‘I picked up the boys from school,’ she said. ‘There was a lot of traffic coming back up the hill.’ She waved back down towards the main road, which led into Bradfield town centre. ‘Then I was aware of this four-by-four very close on my tail. Too close, obviously wanting to get past. But he couldn’t. There was too much traffic coming the other way.’
‘It was a man driving?’ Mirza asked.
‘Yes, I think so, I could see him in my mirror. And then when I turned off to come up here, past the shops, he turned as well and then pulled out very fast, but he didn’t notice another car coming into the main road from the turning over there…’ She waved vaguely again to a junction on the opposite side of the road. ‘So before I knew what was happening he’d cut in in front of me and clipped my wing and just pushed me over, onto the pavement. There was nothing I could do.’ She searched Ali Mirza’s face desperately for understanding.
‘Did he stop at all?’ the constable asked.
‘Of course he didn’t,’ she said, angry suddenly. ‘He shot off like a maniac.’
‘Could you describe the car? Colour? Make? Anything at all?’
‘Big, dark, blue or black, I suppose, four-by-four, with a spare tyre on the back. Like bloody tanks, aren’t they, those things? I don’t know why they need to be driving them in town at all. They’re a menace.’ She shuddered suddenly and glanced at her small blue Nissan. ‘My husband will go crazy,’ she said. ‘I’ve only been out ten minutes and this happens.’ She glanced at her watch. ‘I must get back,’ she said. ‘I’ve left my daughter with a friend…’
Mirza closed his notebook.
‘I suggest you drive home with the children now, Mrs Mendelson, and I’ll arrange for someone to contact you later to take a proper statement from you. Luckily no one’s been hurt, so no serious harm has been done.’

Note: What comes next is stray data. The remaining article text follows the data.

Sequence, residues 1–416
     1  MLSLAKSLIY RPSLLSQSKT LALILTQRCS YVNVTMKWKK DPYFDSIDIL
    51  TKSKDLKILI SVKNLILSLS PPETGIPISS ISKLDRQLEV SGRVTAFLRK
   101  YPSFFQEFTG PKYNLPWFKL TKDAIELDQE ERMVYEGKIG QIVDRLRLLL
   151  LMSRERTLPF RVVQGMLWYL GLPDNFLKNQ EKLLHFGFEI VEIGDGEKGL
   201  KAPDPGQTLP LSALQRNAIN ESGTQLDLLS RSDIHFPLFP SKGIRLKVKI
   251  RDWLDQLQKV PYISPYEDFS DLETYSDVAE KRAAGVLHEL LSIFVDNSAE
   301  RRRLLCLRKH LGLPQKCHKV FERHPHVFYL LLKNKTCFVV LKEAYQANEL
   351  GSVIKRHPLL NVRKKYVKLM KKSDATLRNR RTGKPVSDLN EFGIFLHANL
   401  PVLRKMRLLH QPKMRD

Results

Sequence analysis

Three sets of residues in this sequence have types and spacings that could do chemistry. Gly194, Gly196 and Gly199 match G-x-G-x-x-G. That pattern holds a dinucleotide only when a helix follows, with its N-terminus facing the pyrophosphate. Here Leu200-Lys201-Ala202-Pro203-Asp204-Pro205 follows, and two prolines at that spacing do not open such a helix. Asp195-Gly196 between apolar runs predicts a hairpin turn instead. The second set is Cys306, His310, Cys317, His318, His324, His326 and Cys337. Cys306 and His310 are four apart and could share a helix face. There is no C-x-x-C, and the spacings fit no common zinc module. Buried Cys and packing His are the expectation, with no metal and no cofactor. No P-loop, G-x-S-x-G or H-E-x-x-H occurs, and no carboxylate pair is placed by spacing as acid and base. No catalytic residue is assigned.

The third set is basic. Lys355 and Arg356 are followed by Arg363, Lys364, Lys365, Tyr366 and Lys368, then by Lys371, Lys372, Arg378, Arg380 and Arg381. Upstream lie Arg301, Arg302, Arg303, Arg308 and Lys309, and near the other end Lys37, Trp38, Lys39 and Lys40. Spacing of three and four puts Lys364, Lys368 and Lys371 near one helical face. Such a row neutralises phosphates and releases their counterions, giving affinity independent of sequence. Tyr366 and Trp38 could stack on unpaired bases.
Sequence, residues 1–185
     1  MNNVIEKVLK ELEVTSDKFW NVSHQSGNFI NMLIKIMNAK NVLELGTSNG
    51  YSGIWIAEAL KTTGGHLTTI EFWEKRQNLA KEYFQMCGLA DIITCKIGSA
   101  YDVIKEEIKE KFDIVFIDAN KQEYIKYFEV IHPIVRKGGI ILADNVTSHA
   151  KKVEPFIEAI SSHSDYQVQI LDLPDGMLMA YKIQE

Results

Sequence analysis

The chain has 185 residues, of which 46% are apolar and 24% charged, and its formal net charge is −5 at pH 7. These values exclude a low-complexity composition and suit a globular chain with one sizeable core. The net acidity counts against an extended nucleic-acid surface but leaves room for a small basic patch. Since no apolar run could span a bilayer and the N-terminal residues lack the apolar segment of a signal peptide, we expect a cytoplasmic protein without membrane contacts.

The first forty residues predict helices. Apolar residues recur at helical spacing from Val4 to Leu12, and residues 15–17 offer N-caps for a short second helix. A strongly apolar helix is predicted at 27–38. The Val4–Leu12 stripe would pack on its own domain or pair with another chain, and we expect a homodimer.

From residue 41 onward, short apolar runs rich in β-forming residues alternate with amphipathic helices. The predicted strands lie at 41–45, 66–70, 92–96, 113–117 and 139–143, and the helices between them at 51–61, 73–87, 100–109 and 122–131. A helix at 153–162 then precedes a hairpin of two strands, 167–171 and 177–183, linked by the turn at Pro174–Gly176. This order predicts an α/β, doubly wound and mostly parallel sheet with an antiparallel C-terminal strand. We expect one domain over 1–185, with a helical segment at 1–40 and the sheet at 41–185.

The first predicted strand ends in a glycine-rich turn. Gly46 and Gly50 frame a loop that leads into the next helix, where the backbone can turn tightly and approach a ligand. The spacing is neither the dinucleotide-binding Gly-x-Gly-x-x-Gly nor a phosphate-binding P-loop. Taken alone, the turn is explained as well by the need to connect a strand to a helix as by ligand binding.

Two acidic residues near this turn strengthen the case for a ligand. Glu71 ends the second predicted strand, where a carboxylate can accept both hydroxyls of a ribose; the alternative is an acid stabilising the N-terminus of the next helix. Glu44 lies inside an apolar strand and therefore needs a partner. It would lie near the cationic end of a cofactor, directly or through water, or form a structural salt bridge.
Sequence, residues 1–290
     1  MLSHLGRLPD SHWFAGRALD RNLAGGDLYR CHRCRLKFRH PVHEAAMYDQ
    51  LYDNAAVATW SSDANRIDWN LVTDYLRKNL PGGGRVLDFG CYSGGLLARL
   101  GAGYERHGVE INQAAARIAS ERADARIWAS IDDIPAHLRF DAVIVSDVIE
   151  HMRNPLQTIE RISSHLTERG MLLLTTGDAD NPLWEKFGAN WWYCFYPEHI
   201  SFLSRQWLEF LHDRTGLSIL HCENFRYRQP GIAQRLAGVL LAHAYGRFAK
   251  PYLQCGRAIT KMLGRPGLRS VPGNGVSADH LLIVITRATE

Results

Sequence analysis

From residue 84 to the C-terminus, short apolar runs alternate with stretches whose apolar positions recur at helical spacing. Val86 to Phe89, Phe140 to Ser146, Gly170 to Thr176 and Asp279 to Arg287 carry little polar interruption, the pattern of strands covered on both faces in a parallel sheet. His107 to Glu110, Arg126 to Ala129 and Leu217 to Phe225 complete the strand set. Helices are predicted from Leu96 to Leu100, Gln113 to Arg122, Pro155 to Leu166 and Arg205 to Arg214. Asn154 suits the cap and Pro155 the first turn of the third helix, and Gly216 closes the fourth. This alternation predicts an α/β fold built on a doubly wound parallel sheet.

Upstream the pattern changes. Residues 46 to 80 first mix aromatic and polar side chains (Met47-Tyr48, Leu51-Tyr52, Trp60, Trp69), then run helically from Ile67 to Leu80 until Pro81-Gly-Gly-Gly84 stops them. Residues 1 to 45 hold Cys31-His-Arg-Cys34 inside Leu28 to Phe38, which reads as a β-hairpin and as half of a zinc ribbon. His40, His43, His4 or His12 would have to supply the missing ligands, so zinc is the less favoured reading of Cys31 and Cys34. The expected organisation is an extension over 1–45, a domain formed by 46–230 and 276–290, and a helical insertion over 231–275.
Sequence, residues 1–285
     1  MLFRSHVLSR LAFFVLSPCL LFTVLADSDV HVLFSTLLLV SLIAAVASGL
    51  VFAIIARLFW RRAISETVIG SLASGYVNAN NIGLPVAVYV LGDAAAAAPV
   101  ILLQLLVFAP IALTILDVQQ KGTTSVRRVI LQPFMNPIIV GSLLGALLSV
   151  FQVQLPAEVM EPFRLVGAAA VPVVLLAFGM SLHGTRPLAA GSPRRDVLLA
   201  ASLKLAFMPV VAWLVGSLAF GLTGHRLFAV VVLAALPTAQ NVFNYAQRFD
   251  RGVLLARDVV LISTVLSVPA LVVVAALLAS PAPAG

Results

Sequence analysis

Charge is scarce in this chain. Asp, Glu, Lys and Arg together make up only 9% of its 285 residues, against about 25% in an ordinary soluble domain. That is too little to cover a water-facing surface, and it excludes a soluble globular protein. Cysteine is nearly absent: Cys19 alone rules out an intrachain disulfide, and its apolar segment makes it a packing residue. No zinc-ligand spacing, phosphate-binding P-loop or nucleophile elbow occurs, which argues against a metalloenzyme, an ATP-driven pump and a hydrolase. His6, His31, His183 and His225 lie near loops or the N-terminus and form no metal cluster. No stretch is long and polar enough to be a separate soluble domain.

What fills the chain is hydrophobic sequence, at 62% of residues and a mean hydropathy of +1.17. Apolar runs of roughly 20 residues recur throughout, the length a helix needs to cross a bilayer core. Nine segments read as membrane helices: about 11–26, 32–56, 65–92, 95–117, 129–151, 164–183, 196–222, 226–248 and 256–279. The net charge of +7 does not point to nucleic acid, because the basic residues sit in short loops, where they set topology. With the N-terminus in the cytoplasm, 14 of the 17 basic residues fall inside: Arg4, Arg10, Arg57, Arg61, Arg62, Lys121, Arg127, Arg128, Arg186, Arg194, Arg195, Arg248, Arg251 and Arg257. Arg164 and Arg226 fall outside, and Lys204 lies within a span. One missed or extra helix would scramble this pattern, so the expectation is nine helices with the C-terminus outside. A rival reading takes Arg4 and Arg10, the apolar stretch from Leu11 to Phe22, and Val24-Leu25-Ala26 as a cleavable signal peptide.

‘You’ll try and find that lunatic, though?’
‘I’ll put in a report, but without a registration number he may not be easy to trace.’
‘He could kill someone next time.’
‘Yes,’ Mirza said. ‘I’m sure he could.’ And after taking the names and addresses from half a dozen of the witnesses, he got into the Panda car with a feeling of satisfaction that he had handled that well enough.
Laura Ackroyd glanced at her watch, logged off her computer and ran her hands through her unruly cloud of copper hair. It had been a good day for once, with her boss, Ted Grant, thankfully out of the office at a conference of the local newspaper groups’ editors. Slightly ominous, that, had
been the consensus round the water cooler that morning. They all knew that the position of many local newspapers was potentially dire as crucial advertising slipped away to new media, and circulations dipped because the younger generation seemed not to have inherited their parents’ interest in parochial news. Stories of belt-tightening and redundancies were the stock-in-trade of the media columns these days and the staff of the
knew that they would not be immune to the chilly winds blowing through the company. But even so, Laura refused to feel too despondent. For the first time in many months she felt that life was good and could get better.
She spent five minutes in the cloakroom repairing her make-up, giving her reflection a quick smile in the mirror, and then left the office and drove up the long hill out of the town centre, through the thickening early evening traffic, and parked outside a substantial house in a leafy avenue in Southfield. This was the time she enjoyed visiting her friend Vicky Mendelson best, the hour or two after her two older boys had arrived home from primary school and the youngest child, Naomi Laura, named after her mother’s best friend, was having her tea and being prepared for bed. She had known Vicky and her husband David since they had all been students together at Bradfield University and, lacking children of her own, although she still nurtured hopes that might be put right, she relished the chance to take even a small share in Vicky’s slightly chaotic teatime rituals. But when Vicky opened the door this particular evening she did so with an anxious air, and gave Laura a hug that lacked its usual enthusiasm.
‘What’s the problem?’ Laura asked, sensing trouble. ‘You
‘It’s been an awful day,’ Vicky said, obviously close to tears. ‘Some lunatic bashed my car when I went to pick up the boys from school. And then drove off without a bloody word. I’ve had the police taking details, everything.’